Hoping to build upon last year’s Complete Streets victory, advocates and legislators urged members of the Connecticut General Assembly’s Transportation Committee today to enact two pieces of legislation that would improve safety for Connecticut’s pedestrians, cyclists and transit users.
The first bill (HB 5386) would designate 10% of existing flexible federal funding sources — specifically, the Highway Safety Improvement Program, Congestion Mitigation and Air Quality program, and National Highway Safety 402 Funds — to create a competitive grant program for municipal projects that would improve bicycle, pedestrian and transit access infrastructure. The grant program would utilize these existing funding sources, requiring no new revenue, to increase ConnDOT’s emphasis on walking and cycling safety.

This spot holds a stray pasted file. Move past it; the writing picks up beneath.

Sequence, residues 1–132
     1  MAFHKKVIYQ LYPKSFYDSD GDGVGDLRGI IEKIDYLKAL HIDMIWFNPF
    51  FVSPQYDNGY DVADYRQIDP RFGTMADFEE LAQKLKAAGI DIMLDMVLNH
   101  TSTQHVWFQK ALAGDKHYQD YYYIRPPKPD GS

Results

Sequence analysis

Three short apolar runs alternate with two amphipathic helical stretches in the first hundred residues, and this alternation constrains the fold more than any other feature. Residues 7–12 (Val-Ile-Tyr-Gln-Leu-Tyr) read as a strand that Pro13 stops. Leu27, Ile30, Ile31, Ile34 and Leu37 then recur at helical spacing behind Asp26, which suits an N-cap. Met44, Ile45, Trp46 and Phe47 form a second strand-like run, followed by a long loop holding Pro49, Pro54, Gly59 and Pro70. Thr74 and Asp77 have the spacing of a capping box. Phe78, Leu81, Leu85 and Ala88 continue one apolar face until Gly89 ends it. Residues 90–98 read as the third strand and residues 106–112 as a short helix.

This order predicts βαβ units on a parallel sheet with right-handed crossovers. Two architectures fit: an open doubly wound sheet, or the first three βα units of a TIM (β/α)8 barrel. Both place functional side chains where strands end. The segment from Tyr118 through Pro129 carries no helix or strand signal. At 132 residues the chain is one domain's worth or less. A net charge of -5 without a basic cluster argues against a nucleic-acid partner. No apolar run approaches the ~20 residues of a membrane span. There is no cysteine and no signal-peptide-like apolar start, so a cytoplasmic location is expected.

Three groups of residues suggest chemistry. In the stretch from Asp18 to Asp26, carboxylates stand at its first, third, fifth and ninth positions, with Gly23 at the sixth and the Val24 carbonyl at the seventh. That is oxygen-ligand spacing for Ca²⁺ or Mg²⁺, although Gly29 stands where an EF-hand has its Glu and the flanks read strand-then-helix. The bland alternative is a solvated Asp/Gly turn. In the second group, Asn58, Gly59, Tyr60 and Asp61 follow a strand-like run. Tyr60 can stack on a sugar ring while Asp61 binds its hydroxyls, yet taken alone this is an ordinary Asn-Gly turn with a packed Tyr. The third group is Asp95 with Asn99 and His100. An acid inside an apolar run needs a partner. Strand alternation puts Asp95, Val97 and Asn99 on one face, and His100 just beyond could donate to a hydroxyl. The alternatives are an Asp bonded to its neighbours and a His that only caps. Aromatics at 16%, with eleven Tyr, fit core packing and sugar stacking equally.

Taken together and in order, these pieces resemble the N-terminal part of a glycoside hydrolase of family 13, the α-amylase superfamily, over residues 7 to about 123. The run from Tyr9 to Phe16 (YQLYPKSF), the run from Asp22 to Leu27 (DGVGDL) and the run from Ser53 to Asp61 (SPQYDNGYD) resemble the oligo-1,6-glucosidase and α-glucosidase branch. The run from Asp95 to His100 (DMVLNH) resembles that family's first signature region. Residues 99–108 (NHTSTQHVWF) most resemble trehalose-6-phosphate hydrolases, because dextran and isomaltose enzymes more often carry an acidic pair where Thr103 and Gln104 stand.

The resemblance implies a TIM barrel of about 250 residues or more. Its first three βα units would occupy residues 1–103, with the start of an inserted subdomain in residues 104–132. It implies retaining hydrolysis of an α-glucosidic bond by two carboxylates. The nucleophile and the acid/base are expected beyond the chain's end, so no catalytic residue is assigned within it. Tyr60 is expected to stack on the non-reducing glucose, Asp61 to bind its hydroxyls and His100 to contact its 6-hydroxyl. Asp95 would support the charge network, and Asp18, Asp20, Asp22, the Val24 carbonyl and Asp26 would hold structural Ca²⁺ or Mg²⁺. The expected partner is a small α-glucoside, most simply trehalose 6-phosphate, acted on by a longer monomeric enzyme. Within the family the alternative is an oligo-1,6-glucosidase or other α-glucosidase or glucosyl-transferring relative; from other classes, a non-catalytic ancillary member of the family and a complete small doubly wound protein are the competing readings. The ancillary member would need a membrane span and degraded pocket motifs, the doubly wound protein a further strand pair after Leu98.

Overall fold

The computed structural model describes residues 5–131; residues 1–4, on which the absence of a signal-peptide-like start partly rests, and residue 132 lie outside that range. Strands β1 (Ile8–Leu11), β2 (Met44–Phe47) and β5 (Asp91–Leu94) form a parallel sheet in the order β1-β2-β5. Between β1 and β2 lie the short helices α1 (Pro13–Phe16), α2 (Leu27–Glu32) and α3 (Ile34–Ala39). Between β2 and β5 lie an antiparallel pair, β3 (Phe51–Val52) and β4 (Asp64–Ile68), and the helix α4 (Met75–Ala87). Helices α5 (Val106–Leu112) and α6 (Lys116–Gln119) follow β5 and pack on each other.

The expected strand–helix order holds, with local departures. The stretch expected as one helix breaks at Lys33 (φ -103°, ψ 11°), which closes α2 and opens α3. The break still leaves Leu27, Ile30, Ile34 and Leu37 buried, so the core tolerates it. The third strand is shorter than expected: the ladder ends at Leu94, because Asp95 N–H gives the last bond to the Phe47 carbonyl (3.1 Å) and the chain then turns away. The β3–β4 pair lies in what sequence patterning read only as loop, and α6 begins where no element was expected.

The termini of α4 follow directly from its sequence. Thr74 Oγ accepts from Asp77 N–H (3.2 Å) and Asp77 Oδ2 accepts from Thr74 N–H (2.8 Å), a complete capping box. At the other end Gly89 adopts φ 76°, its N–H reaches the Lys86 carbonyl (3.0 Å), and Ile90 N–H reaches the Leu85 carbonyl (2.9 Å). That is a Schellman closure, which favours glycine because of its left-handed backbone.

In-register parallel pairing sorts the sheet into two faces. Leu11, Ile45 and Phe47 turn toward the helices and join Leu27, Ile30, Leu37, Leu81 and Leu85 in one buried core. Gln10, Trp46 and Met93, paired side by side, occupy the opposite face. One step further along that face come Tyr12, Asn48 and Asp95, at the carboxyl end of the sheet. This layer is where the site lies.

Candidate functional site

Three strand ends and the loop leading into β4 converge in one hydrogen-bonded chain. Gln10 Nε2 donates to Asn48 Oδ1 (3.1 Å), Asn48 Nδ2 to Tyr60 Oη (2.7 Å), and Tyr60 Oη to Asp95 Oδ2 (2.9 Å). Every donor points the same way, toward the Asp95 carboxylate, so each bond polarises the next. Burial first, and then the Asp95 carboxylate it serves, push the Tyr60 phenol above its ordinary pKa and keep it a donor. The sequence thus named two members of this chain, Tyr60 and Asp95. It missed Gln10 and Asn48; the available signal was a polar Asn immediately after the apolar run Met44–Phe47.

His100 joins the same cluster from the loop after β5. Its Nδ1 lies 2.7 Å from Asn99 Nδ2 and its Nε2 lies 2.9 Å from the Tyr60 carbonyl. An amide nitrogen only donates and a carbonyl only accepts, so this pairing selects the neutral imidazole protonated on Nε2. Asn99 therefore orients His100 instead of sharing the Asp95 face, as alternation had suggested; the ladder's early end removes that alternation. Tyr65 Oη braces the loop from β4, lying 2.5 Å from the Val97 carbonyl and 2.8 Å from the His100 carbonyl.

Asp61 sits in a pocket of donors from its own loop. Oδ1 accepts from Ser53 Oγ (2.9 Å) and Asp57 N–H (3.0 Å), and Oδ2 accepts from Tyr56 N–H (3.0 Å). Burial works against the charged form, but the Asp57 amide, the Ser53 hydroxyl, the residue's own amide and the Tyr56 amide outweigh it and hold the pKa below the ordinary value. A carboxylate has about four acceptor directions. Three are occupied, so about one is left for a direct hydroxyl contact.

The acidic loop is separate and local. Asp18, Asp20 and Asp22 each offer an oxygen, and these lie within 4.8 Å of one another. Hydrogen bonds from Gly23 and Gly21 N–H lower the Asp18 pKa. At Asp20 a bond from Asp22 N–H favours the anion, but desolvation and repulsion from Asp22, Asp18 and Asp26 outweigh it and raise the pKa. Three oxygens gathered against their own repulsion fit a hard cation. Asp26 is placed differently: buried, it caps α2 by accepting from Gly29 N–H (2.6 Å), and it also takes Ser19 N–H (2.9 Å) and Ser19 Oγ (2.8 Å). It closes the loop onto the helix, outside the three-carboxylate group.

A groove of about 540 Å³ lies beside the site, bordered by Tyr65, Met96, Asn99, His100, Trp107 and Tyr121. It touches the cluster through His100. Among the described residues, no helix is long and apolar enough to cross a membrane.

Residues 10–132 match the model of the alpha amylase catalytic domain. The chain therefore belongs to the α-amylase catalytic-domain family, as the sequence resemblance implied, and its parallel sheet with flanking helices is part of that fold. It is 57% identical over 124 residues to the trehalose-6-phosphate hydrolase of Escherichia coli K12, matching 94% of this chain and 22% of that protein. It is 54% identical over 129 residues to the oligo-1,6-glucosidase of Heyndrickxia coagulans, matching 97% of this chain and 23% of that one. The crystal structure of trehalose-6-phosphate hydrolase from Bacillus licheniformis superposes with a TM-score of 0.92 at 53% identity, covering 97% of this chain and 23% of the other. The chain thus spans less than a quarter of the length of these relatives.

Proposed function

According to Tri-State’s recent report Tracking the Dollars, ConnDOT still woefully underfunds bicycle and pedestrian projects, spending only $1.67 in federal funds per person on these projects. While this is an increase over previous years, the state still lags behind neighboring Rhode Island ($6.12) and states with comparable populations like Iowa ($3.92). Between 2006 and 2008, 122 pedestrians and cyclists were killed on Connecticut’s roadways.
A second bill (SB 345) would allow local municipalities to create red light camera pilot programs. It is similar to a 2009 bill to allow New Haven to start such a program, but would apply statewide. The current bill is being supported by the Connecticut Livable Streets Campaign.
While the public hearing on these two raised bills took place today in Hartford, Connecticut readers can contact members of the Transportation Committee to support this important legislation.
Images: Via NYCDOT’s website.